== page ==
lauantai 5. helmikuuta 2011

Stephen Fry: The Stars' Tennis Balls

Stephen Fry: The Stars' Tennis Balls

Stephen Fry is a British comedien, actor, author and much more. I have watched some of his tv programmes, my favourite being QI, and listened to his podgrammes. I admire Fry very much, but I was actually a bit disappointed in the first fiction book of his I read, The Liar. But I think the problem was I expected something very different that what the book was.

The main character in The Stars' Tennis Balls is Ned Maddstone, a young, confident/selfish, handsome and popular son of an MP. He is madly in love with his girlfriend, who is madly in love with him, he has been to the most expensive schools in Britain, and he is perfect in many ways. The novel is very much about the plot, so I'm not sure what more I can say about it. The plot grabs you from the very first chapter, so revealing anything might take away part of the reading experience.

The themes I think I found in the book were the evil in human beings and revenge. Is it right to revenge for great injustices? How far can you go? Should people pay for things they did when they were young? If not, how can the person the injustices has concerned move on with his/her life?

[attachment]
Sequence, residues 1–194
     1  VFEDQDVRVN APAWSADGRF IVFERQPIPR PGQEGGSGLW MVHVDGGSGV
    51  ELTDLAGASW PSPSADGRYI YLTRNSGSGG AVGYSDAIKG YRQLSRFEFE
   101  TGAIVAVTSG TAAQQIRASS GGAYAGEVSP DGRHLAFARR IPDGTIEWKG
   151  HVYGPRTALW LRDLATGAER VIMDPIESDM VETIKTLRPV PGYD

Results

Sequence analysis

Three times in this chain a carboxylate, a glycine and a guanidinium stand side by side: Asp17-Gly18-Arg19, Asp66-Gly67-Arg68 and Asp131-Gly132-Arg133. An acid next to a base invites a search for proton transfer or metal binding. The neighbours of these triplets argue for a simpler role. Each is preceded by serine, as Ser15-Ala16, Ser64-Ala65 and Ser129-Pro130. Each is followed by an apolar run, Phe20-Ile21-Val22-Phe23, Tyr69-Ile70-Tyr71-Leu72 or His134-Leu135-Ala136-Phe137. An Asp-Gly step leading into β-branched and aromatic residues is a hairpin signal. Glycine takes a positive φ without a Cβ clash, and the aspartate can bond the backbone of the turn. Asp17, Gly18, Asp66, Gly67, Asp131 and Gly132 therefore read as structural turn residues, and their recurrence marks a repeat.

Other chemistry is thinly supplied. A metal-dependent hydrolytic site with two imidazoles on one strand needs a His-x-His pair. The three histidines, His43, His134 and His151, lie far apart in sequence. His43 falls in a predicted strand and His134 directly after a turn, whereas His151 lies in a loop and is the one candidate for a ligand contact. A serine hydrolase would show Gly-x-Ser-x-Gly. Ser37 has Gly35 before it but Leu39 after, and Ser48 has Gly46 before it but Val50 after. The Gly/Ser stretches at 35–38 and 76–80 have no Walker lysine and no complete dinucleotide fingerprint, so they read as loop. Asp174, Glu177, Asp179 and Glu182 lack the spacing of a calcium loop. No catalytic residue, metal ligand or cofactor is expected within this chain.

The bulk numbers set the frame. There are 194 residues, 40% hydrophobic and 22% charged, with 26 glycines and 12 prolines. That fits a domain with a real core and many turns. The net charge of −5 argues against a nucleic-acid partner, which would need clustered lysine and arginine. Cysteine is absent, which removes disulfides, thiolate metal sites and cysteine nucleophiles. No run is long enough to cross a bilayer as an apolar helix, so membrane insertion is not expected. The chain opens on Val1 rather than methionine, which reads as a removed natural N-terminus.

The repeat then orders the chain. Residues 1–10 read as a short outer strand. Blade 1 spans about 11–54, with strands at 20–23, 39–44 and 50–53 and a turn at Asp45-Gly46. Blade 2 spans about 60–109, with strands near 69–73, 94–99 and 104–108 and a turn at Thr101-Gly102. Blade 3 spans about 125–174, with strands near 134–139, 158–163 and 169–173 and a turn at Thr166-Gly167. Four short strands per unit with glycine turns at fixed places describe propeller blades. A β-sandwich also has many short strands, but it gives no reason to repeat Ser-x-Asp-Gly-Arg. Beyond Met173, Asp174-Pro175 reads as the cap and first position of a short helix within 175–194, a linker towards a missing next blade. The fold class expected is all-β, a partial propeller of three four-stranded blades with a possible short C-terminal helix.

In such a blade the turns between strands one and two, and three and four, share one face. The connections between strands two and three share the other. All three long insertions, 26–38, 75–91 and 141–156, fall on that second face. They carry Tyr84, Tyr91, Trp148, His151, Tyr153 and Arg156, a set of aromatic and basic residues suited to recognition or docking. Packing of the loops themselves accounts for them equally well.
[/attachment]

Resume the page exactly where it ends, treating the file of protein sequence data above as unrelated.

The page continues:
The British Book Challenge: If I was asked to name the most British person alive I knew, I think I would say Stephen Fry. He is intelligent, has high education, is the master of the British humour, and I would be shocked to find out he doesn't drink tea. The Star's Tennis Balls is set mostly in Britain, and tells about the British upper class. The observations of it are told through Ashley Barson-Garland, a boy who is from a lower class and tries to blend in among the public school boys. I certainly think there is something very British about this novel.

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